Liberty Media wants DirecTV for distribution

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NEW YORK - Liberty Media said Wednesday that obtaining a majority stake in U.S. satellite television provider DirecTV Group Inc. would give it a powerful distribution outlet for its programming networks.

Liberty has been in discussions to swap its estimated 20% voting stake in News Corp. for the Rupert Murdoch-run company's controlling stake in DirecTV.

Liberty Chief Executive Greg Maffei said at the UBS media and communications conference in New York that the discussions were continuing, but he gave no update on the progress.

"We have a host of content assets that don't have the distribution muscle they used to have," Maffei said.

The Colorado-based company, controlled by cable pioneer John Malone, owns the QVC cable television shopping network and the Starz Entertainment Group cable networks.

Since Malone divested ownership of TeleCommunications Inc., once the largest U.S. cable TV service provider, in the 1990s, he has quietly sought to recreate a cable TV and broadband empire outside of the United States.

A deal to acquire the majority stake in one of the biggest TV providers in the United States would signal Malone's return to the media distribution industry.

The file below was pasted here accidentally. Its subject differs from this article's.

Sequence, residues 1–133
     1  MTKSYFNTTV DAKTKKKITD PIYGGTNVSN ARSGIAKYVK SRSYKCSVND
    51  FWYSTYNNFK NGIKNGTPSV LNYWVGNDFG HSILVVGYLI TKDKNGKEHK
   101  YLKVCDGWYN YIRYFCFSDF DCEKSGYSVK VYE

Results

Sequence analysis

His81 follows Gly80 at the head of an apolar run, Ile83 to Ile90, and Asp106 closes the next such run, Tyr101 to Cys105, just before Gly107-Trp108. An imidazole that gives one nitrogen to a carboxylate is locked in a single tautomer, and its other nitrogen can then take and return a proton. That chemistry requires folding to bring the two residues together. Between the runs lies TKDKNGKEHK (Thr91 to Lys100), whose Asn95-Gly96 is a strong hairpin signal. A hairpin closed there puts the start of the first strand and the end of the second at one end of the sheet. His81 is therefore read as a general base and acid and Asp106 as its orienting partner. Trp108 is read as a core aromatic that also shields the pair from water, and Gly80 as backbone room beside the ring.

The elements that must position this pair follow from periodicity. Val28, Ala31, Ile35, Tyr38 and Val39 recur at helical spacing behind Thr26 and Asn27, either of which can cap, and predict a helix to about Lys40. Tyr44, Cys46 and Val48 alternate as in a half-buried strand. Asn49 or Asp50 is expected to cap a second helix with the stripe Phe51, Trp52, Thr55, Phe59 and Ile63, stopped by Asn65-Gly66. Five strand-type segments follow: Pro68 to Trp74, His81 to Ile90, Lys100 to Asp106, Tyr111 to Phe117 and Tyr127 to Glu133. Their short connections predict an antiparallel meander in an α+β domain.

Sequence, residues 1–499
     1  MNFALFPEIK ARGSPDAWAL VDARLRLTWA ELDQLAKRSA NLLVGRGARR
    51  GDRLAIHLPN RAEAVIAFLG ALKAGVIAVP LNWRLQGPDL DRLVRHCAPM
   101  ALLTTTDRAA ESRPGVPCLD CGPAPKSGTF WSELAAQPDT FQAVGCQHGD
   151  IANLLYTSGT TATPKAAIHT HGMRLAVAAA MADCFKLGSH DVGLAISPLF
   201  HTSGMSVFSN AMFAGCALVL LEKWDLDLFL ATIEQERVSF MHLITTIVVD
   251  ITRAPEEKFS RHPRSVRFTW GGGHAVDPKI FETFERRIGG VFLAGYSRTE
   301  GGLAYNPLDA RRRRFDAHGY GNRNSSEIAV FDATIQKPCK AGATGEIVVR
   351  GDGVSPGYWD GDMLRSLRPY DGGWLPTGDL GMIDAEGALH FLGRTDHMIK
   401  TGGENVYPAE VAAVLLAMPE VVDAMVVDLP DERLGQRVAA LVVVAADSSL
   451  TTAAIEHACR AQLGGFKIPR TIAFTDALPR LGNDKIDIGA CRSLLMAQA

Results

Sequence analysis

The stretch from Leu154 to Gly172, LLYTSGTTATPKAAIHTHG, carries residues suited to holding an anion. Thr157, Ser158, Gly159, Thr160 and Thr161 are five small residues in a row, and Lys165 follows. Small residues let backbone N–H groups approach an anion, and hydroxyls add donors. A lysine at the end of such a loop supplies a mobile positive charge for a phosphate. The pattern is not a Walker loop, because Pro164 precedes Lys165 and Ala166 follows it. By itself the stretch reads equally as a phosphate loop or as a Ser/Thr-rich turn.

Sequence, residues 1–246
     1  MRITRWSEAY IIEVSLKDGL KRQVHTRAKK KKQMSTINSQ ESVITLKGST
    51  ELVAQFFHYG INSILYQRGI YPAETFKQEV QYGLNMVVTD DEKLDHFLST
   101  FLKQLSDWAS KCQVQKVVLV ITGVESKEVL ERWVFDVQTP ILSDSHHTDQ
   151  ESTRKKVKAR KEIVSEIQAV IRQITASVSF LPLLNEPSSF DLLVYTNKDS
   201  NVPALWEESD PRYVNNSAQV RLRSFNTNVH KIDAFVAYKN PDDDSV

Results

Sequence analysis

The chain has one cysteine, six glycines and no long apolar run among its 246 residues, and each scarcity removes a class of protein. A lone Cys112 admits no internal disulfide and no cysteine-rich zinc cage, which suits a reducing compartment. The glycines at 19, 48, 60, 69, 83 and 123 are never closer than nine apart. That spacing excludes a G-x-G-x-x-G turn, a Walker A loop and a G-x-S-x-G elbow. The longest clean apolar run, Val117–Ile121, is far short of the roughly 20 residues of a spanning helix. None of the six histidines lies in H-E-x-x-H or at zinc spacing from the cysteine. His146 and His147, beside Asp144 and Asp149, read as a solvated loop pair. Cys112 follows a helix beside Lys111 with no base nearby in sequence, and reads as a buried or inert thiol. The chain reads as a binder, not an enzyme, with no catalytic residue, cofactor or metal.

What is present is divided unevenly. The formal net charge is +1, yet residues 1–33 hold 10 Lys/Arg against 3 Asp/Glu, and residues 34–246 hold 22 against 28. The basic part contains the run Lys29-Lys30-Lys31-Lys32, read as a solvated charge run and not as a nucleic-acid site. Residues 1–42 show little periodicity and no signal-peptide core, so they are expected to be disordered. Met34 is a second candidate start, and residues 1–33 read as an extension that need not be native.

Liberty Media was created out of the ashes of that deal and owns big stakes in other media and technology companies, including Time Warner Inc. and News Corp.

Malone boosted its voting stake in News Corp. in 2004, spooking long-time associate Murdoch, who enacted an emergency "poison pill" provision to make hostile takeovers prohibitively costly.

Murdoch and Malone have been in discussions over the most tax-efficient means to exchange those shares. Those talks have centered on trading News Corp.'s stake in DirecTV lately.

Media analysts have said the heyday of strong subscriber growth in the satellite TV industry is past, with critics pointing out that providers lack the ability to offer high-speed Internet connections to residential homes, unlike cable and telephone operators.

Maffei said Wednesday that if Liberty controlled DirecTV, it would seek partnerships, possibly with companies in its own portfolio of investments, to make broadband services available to DirecTV customers.

Liberty Media has a big stake in WildBlue, which offers satellite high-speed Internet services to rural markets that are not served by either cable or phone companies.
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